Grant TypeDissertation Fieldwork Grant
Institutional AffiliationCalifornia, Berkeley, U. of
Grant numberGr. 9766
Approve DateOctober 24, 2018
Project TitleWong, Bonnie O., U. of California, Berkeley, CA - To aid research on 'Same, But Different: Surgical Practice in the Making of Chinese Modernity,' supervised by Dr. Aihwa Ong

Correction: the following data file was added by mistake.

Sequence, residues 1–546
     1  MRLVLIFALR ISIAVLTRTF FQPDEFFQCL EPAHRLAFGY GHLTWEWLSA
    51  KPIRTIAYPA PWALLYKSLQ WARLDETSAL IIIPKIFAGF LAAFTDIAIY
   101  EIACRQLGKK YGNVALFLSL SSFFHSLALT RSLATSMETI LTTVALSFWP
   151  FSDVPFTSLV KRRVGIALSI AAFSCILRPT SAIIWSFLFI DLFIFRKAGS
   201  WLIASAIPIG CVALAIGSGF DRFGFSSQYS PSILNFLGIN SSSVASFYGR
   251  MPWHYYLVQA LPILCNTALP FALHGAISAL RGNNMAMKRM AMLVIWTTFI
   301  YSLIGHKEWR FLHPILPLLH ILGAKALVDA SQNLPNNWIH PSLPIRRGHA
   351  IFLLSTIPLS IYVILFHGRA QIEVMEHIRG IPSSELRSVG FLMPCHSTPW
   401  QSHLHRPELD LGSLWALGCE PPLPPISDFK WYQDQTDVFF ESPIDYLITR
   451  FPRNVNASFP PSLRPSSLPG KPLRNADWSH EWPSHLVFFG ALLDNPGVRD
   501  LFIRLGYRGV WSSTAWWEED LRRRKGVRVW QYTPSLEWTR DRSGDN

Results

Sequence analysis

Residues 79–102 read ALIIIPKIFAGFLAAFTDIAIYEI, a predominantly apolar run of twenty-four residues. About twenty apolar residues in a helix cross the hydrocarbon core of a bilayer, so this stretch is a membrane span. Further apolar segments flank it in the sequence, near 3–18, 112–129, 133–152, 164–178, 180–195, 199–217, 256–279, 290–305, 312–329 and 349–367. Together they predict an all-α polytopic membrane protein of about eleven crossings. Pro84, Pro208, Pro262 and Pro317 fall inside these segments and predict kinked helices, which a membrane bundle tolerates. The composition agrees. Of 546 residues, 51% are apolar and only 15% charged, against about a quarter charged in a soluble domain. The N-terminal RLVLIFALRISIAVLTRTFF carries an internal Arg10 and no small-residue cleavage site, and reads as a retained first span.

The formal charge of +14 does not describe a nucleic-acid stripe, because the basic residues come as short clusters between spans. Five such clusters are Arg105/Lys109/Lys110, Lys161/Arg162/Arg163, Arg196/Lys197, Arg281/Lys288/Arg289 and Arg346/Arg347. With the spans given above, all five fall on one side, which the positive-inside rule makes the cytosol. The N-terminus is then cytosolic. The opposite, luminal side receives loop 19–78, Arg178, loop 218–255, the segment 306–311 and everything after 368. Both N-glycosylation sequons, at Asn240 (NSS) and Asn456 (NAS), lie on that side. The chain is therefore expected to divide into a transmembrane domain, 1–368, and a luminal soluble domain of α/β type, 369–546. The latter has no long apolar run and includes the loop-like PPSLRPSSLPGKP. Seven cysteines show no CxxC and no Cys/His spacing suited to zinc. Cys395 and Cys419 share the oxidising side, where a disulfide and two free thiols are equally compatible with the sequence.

BONNIE O. WONG, then a graduate student at University of California, Berkeley, California, was awarded a grant in October 2018 to aid research on ‘Same, But Different: Surgical Practice in the Making of Chinese Modernity,’ supervised by Dr. Aihwa Ong. What is surgery like in China and why does it matter? This ethnography of cancer surgery draws on sixteen months of fieldwork over eight years, and follows surgeons through their training, operations, and political climbs. Surgery in China is enmeshed in larger political narratives: each surgeon strives to be ‘a cut above’ not just for personal success but as part of a narrative of medical-technonationalism. While this ethnography begins in the operating room, it extends outwards to consider the specific configuration of technology, expertise, structures, systems, and ethical or moral norms which come together. What forms of knowledge emerge from this context and what are the barriers to how that knowledge is shared and circulated? This research captures China’s healthcare system at a crossroads: as scholars simultaneously try to stake a place within the international community and reject the need to ‘catch up’ to others, determined to prove strength on their own terms, through autonomy and decoupling from international expectations. This research explores the tensions between state priorities and international norms, between national politics and personal ethics, between standardization and expertise, to consider what an anthropology of surgery can teach us about China and global knowledge production today.